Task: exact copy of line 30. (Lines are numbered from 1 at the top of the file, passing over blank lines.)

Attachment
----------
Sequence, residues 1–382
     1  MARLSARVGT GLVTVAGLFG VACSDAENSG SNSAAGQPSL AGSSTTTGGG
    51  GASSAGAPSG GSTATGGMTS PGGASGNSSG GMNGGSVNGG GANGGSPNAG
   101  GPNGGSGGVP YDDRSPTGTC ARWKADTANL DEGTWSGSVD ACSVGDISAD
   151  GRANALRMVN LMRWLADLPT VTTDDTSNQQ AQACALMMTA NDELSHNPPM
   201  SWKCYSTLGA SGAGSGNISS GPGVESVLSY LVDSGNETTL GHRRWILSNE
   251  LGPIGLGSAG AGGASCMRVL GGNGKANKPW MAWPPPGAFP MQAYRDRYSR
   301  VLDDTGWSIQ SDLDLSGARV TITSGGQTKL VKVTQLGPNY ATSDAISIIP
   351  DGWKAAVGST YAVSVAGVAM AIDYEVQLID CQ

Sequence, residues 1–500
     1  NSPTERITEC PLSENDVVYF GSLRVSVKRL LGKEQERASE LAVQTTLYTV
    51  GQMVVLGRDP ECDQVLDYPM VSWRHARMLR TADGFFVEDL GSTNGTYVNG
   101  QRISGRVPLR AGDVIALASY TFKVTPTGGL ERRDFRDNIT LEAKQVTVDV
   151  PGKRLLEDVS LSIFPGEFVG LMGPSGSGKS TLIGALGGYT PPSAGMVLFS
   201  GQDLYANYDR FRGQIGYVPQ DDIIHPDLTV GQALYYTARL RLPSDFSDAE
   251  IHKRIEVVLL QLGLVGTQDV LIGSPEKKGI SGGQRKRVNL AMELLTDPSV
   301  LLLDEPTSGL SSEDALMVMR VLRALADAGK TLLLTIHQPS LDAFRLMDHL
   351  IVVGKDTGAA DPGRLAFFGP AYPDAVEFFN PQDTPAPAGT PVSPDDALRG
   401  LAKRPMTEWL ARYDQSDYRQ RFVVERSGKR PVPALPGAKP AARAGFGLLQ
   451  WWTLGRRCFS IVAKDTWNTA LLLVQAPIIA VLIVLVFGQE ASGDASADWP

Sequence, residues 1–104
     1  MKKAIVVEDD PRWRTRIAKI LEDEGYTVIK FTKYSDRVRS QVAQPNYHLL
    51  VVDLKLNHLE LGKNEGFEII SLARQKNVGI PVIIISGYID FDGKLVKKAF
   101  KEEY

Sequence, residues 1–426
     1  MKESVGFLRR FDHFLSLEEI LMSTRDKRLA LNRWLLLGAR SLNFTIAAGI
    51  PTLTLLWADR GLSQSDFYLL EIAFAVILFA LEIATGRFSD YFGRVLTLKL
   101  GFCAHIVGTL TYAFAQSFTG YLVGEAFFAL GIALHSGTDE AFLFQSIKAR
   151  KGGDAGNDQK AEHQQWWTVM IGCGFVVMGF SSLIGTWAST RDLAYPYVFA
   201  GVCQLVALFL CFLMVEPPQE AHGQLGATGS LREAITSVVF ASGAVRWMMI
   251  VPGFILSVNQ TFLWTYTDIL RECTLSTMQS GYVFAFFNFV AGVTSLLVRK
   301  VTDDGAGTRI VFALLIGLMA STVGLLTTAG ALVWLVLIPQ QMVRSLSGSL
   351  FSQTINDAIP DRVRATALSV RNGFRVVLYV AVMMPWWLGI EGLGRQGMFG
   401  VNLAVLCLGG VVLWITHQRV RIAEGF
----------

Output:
   201  GVCQLVALFL CFLMVEPPQE AHGQLGATGS LREAITSVVF ASGAVRWMMI